John Cooper Motorsport Induction Kit - Damage Question
Hello technical experts (thanks for stopping by)!
I recently purchased a second-hand (John Cooper Motorsport) JCM510 Cone Open Air Filter Kit for my MINI ONE. It's condition was described as "great" and reportedly has only covered 500 miles. Unfortunately, when it arrived, there was some damage to the side of the cone that was disappointingly (as the transaction was completed without me knowing there was damage) omitted from the advertisement and my correspondence with the seller.
It seems that the design of the cone filter has two "skins" of filter material - an outer black one and an inner red one. The damage on the cone in question has effectively removed the outer black "skin" from two areas leaving only the red inner "skin" applying filtering here. As air being sucked through the filter will follow the path of least resistance, I am concerned that a disproportional amount of air will be drawn through only one skin of filter material, rather than the design-intended two. See pictures below.
What I'd like to know is: do you think this damage will affect the functioning of the cone? I've no doubt that it will still sound great and give greater air availability to the engine (i.e. the marginal performance increases), but I'm concerned about the quality of the air (i.e. dust-free) that will be taken into the engine.
If it is a cause for concern, what would you advise?
I suppose there is no chance of sending it back?
You are quite correct to be concerned. If you cannot get the filter replaced then I would mask off the damaged areas, they look to be reasonably small compared to the total area of the filter. At least the filter will work as it should, although with slightly reduced efficiency. You will just have to make sure you clean it more often to keep it clean.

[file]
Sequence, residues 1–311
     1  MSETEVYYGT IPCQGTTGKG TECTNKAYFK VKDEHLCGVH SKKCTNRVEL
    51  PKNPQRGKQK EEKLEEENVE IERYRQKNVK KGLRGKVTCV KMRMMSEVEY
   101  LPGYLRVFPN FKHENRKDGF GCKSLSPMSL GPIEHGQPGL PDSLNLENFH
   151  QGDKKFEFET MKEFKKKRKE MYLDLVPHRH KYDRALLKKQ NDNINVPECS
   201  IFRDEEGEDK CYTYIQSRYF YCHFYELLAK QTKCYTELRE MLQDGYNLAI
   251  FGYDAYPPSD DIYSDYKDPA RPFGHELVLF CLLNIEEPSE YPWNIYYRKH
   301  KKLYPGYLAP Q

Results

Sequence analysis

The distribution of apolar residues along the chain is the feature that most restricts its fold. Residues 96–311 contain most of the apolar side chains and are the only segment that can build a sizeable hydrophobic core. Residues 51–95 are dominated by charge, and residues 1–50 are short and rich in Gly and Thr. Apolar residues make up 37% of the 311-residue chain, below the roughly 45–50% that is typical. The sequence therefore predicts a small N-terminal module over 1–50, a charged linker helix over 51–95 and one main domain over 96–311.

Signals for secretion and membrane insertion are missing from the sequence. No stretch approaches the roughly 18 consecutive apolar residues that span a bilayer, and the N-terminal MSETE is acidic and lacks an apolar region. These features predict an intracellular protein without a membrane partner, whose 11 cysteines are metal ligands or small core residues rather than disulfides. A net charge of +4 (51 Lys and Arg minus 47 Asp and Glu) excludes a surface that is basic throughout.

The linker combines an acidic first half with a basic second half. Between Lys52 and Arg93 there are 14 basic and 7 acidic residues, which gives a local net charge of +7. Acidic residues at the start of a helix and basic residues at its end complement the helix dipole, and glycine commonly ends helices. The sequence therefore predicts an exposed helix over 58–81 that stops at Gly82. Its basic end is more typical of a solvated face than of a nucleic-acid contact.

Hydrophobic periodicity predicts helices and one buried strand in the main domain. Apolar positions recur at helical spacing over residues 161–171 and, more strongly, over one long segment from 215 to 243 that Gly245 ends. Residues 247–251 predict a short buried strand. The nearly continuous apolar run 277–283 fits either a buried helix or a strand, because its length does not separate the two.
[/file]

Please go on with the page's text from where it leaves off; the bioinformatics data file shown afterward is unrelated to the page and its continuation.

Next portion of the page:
Ok, thanks for your assessments, I suspected it might not be in a functional condition...
What sort of tape do you think would be suitable as a "fix"? I'm guessing duct tape wouldn't be a good idea as it's not heat-resistant (or is it?).
Dry? Are they supposed to be moist?
Does that mean that even with the gashes covered, it may not be suitable?
Well, I did use PayPal for the transaction, but it wasn't an e-bay advertisement... similar though.
I've not yet decided on the best course of action with respect to the transaction. At £93 (inc. postage/packaging) it wasn't what I'd call cheap - but was willing to pay that price for what appeared to be the specific design filter I wanted and in "great" condition.
What sort of oil should it be coated with? If a filter has dried out, can it be re-oiled? And finally, as I'm not planning on installing it in the car until March (insurance reasons ) - how would you suggest that it be stored?
Oh, and I've realised I have fitting instructions for it, but don't think I have anything about cleaning for it... how would you suggest the filter be cleaned?
Andrew, If you paid via Paypal then you can use their complaints procedure. I have done it for an ebay item before and they were pretty good, got me my money back. At the end of the day £93 is not pocket money for a faulty item.
Quick note on fitting this as well. On mine the connection between the filter and the large rubber hose is very very tight. As you are pushing it home, (some lub helps, or warm the rubber hose gently), be careful not to crush/damage the filter as it is only foam over flimsy metal mesh.
Ok guys, I'm back again with some more thoughts...
Ok, I've been in contact with the seller and he's being a complete gentleman.